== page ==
By John Knox
Political reporter, BBC Scotland
The brutal racial murder of the Glasgow boy Kriss Donald has cast a shadow over proceedings at Holyrood this week.
On Wednesday, up the road at the High Court, three of the attackers, who were found hiding in Pakistan, were sentenced to more than 20 years each.
It turned out that the leader of the gang, 29-year-old Imran Shahid, committed this ghastly crime while he was out on automatic early release from prison.
At question time on Thursday, Conservative leader Annabel Goldie asked First Minister Jack McConnell why it had taken him seven years to get around to ending automatic early release?
"Time and time again my party has tried to end automatic early release," she said.
"And time and time again we have been opposed by every other party in this chamber."
The first minister explained that a bill is going through parliament at the moment.
It will end the automatic release of prisoners half way through their sentence (for prisoners serving four year or less).
They could still be released at this time but only under strict conditions and after a safety assessment.
The Conservatives say that could still have left Imran Shahid free to abduct, torture, stab and then burn his 15-year-old white victim.
'Bullying and terror'
They want judges to decide on the appropriate sentence and criminals to serve the full term in prison.
Mr McConnell said this was not the time to debate detailed changes in the law.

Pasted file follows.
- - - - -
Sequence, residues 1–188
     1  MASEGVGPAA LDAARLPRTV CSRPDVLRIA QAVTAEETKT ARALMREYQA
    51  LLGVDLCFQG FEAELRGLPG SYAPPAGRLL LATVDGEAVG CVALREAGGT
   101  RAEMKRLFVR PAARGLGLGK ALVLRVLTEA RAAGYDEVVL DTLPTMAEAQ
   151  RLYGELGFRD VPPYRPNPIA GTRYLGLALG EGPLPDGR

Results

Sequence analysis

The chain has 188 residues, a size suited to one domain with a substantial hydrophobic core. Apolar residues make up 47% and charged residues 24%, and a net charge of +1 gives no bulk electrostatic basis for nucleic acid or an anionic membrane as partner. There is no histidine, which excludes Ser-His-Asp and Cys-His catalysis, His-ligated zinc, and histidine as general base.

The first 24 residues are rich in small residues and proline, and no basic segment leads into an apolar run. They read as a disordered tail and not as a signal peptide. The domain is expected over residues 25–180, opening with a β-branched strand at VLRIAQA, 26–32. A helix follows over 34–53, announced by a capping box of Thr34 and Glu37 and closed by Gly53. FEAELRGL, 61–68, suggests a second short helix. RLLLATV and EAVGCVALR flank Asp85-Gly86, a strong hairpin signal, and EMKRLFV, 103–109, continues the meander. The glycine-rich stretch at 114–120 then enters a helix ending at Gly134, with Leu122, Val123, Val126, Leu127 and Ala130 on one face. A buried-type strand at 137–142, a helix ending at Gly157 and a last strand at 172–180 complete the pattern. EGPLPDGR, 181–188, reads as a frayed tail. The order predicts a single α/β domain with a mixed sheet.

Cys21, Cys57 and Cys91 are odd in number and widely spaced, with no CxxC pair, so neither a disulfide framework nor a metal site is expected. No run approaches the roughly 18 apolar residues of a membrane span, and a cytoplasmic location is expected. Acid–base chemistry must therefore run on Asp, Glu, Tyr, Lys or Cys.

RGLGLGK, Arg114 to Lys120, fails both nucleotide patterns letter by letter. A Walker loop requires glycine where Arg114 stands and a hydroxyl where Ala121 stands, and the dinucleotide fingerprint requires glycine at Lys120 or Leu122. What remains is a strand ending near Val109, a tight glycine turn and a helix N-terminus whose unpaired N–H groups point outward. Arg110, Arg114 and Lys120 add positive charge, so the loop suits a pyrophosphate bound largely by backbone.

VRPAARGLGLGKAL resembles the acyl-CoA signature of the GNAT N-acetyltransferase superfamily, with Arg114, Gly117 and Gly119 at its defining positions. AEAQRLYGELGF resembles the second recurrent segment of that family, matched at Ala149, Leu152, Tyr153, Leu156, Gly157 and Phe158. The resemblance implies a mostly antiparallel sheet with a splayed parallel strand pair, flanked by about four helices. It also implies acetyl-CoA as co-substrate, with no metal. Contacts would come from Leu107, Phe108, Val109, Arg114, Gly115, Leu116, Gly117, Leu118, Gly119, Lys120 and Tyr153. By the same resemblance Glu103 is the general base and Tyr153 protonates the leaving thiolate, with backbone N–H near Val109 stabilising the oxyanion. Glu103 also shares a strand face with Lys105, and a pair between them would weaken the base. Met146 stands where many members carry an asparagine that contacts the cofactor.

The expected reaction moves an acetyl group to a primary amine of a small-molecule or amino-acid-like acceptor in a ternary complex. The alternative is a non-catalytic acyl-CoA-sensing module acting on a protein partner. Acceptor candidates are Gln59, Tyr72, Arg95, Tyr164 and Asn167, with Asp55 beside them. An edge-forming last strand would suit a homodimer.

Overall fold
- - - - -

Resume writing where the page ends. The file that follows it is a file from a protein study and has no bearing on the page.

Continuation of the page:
Instead he paid tribute to Kriss Donald's mother Angela.
"Her dignity and conduct has been an example to us all," he said.
He praised her efforts to soothe racial tensions in the Pollokshields area and her encouragement for the community to stand up to bullying and terror and report the gang to the police.
He also praised the Labour MP Mohammed Sarwar for his role in tracking the culprits down in Pakistan and persuading the government there to extradite them back to Scotland.
Imran Shahid had been released early from prison
The other big story of the parliamentary week turned out to be a damp squib left over from firework night.
Sir Peter Burt's review of local government finance was "rubbished before it was even published," as the SNP's Nicola Sturgeon put it.
The first minister made it clear he would not be accepting its central recommendation, a 1% property tax to replace the council tax.
None of the parties liked the idea.
Sir Peter was rather hurt.
He had put two years work into the review.
"To describe the reaction as knee-jerk would be to ascribe to it a degree of deliberation and forethought that was missing," he said.
And he predicted the politicians would eventually be forced to consider it.
Local income tax
"So having binned the review, what is the first minister's policy on local taxation?, " asked Nicola Sturgeon at question time.
"Reform of the council tax," Mr McConnell replied.
He then used the Burt Report's calculations to suggest that a local income tax would have to be set at 6.5% to raise the same money as the council tax.
That's twice the rate the SNP has been suggesting.
"That leaves a £1bn gap in the SNP's budget." said Mr McConnell.
One finance issue the executive was not keen to debate this week was the simmering row over equal pay in local government.
It was left to the Scottish Socialist Party to lead a debate on the issue on Thursday morning.
Councils are facing a bill of between £310m and £560m in compensation claims from women workers who have not been given equal pay with men for doing the same job.